Journal is the title of Sirah Foighel Brutmann and Eitan Efrat’s first exhibition in Switzerland, and also the title of their latest work. The two Israeli-born artists, now living in Brussels, present two works that both have photographic material at their core: Printed Matter (2011) and Journal (2013). The material in question is taken from the archives of André Brutmann (1947–2002), Sirah Foighel Brutmann’s father, who worked as a foreign freelance press photographer in Israel and Palestine. Over the course of his career, Brutmann covered the Israeli-Palestinian conflict, the First and Second Intifada as well as other political and social events, and had pictures published in magazines including TIME in the United States and Der Spiegel in Germany.
Sirah Foighel Brutmann and Eitan Efrat are showing their 5-channel video installation Journal (2013) in the Oberlichtsaal at Kunsthalle Basel. Five screens, all identical in size and each with its own projector, are arranged one behind the other. At first sight it looks as if the same video is playing on all five screens. Only upon closer inspection and after some time do we realise that we are looking at five different sets of footage, all shot in the same place.
For Journal, Sirah Foighel Brutmann and Eitan Efrat have explored a particular group of photographs from André Brutmann’s archive, namely the pictures he took at Yad Vashem, the ‘Holocaust Martyrs’ and Heroes’ Remembrance Authority’, which was founded 60 years ago this year. As a press photographer, André Brutmann documented official visits to Yad Vashem and took pictures of figures from public life. The artists chose a selection of these photographs, had them developed in various sizes and mounted them into an exhibition in a contemporary art centre in Brussels. The eponymous Journal refers to the photographs themselves, which constitute a record of a series of past events, and to the footage of an exhibition that was staged only for the purpose of being documented. Once the pictures were installed, the camera operator proceeded to walk around the exhibition with the camera rolling, repeating the tour at various different times of day but always following the same route. The precise instructions given by the artists turned the tour itself into a performative act. Of the 21 tours that were filmed in total, Foighel Brutmann and Efrat have selected five, which they present as a video installation that suggests five similar but nonetheless slightly different approaches or possible narratives. They are arranged in chronological order of filming, but although the route taken by the camera is always the same, the operator does not always advance at the same pace or keep his handheld camera equally steady every time. There is silence in the room, occasionally interrupted by the sound of a passing tram. We hear the cameraman breathing as he tries to remain still in front of a picture. Visible in the background of every André Brutmann photograph is a section of photo wallpaper, showing a blownup detail of a photograph taken inside one of the barracks at Buchenwald concentration camp on 16 April 1945. Emaciated prisoners, lying or propping themselves up on their wooden bunks, are looking straight at the lens. The photo was taken by H. Miller, a private in the US army, who documented the liberation of the Nazi camp in images. The photograph has since become part of our collective visual memory. The picture of starved prisoners became a symbol of cruelty and at the same time of liberation, a single image that summed up all that had gone wrong in the years before but which cannot truly portray it.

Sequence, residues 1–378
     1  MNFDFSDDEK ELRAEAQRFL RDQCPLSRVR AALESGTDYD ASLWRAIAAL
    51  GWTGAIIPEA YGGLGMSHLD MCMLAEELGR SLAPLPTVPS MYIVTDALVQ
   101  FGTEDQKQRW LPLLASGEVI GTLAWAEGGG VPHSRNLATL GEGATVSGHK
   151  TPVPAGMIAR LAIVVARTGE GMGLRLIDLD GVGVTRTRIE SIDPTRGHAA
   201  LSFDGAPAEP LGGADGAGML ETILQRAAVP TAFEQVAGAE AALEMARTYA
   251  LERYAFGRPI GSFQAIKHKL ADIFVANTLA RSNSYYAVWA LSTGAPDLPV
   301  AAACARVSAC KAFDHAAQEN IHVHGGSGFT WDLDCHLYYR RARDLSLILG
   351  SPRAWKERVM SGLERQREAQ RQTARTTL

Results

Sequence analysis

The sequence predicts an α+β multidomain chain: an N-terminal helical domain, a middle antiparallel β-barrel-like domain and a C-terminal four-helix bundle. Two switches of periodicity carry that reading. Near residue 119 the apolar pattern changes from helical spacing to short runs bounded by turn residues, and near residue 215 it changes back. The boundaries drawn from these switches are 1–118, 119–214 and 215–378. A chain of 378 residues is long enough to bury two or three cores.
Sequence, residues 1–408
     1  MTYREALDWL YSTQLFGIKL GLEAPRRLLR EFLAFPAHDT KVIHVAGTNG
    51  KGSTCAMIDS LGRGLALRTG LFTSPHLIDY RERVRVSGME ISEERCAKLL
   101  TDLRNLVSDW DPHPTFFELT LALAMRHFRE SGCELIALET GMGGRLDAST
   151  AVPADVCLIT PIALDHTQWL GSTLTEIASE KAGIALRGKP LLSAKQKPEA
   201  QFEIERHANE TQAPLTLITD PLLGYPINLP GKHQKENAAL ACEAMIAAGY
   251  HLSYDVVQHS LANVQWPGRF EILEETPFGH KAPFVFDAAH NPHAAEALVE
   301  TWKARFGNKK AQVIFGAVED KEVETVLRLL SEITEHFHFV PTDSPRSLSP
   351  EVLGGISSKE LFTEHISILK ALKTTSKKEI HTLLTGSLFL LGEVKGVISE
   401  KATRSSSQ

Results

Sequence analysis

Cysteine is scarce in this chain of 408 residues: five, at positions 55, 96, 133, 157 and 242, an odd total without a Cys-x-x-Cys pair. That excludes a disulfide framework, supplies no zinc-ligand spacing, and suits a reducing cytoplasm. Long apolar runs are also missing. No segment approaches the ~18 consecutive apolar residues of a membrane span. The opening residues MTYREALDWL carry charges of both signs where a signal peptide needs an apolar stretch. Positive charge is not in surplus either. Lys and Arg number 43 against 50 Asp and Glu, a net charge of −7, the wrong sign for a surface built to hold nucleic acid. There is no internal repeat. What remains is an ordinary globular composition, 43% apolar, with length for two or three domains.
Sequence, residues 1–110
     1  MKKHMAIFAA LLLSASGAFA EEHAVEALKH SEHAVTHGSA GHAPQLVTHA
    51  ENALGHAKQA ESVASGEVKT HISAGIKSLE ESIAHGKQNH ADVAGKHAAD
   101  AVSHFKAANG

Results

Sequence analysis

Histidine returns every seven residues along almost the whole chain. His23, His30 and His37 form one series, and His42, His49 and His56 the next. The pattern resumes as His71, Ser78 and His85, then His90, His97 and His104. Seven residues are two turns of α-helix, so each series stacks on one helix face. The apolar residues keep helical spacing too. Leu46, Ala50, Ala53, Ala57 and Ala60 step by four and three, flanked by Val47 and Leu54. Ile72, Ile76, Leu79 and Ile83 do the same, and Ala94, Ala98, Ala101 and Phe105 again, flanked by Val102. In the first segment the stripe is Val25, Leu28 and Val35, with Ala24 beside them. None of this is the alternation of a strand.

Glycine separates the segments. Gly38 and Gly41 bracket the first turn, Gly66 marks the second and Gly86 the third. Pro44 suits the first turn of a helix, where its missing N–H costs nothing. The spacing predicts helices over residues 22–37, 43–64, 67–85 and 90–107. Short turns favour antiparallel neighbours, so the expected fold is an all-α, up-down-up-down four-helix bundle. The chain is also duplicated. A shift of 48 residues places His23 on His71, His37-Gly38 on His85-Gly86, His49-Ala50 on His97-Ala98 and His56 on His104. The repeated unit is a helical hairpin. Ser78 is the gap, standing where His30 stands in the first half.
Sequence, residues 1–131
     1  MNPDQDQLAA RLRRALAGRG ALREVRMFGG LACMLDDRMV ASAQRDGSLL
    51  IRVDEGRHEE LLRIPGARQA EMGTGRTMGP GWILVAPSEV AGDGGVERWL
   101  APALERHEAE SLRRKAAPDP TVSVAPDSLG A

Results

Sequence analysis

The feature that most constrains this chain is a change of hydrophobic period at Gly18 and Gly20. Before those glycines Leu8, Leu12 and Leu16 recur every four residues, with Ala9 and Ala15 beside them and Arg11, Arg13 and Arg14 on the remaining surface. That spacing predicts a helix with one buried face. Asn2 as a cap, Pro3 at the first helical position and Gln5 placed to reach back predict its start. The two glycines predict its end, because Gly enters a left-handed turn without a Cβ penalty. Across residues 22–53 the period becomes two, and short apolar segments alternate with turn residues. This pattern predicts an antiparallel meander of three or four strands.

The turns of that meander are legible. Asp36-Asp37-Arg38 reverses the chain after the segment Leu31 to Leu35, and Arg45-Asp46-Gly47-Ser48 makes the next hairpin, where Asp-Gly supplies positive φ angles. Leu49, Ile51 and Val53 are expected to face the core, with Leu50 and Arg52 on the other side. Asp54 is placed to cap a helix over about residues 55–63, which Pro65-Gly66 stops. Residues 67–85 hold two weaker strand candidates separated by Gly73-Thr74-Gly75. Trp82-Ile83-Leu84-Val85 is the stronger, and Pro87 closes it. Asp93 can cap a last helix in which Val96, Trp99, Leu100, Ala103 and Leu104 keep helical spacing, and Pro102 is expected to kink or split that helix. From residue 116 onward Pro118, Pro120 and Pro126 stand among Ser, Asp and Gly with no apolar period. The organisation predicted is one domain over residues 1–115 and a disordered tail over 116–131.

Journal is a multilayered work, in which the original image of anonymous Buchenwald inmates turning their gazes towards the photographer has been further mediated by the journalist and the cameraman (as well as through the fact that the images were displayed in two different exhibitions along the way), and delivered to us, the viewer, through their lenses. The image, which can be read as a blind spot, is captured at three different moments in history and three different locations: in 1945 in Buchenwald by Private H. Miller, between 1986 and 2000 at Yad Vashem by André Brutmann, and in 2013 at an arts centre in Brussels by cameraman Mathias Windelberg on behalf of Foighel Brutmann and Efrat.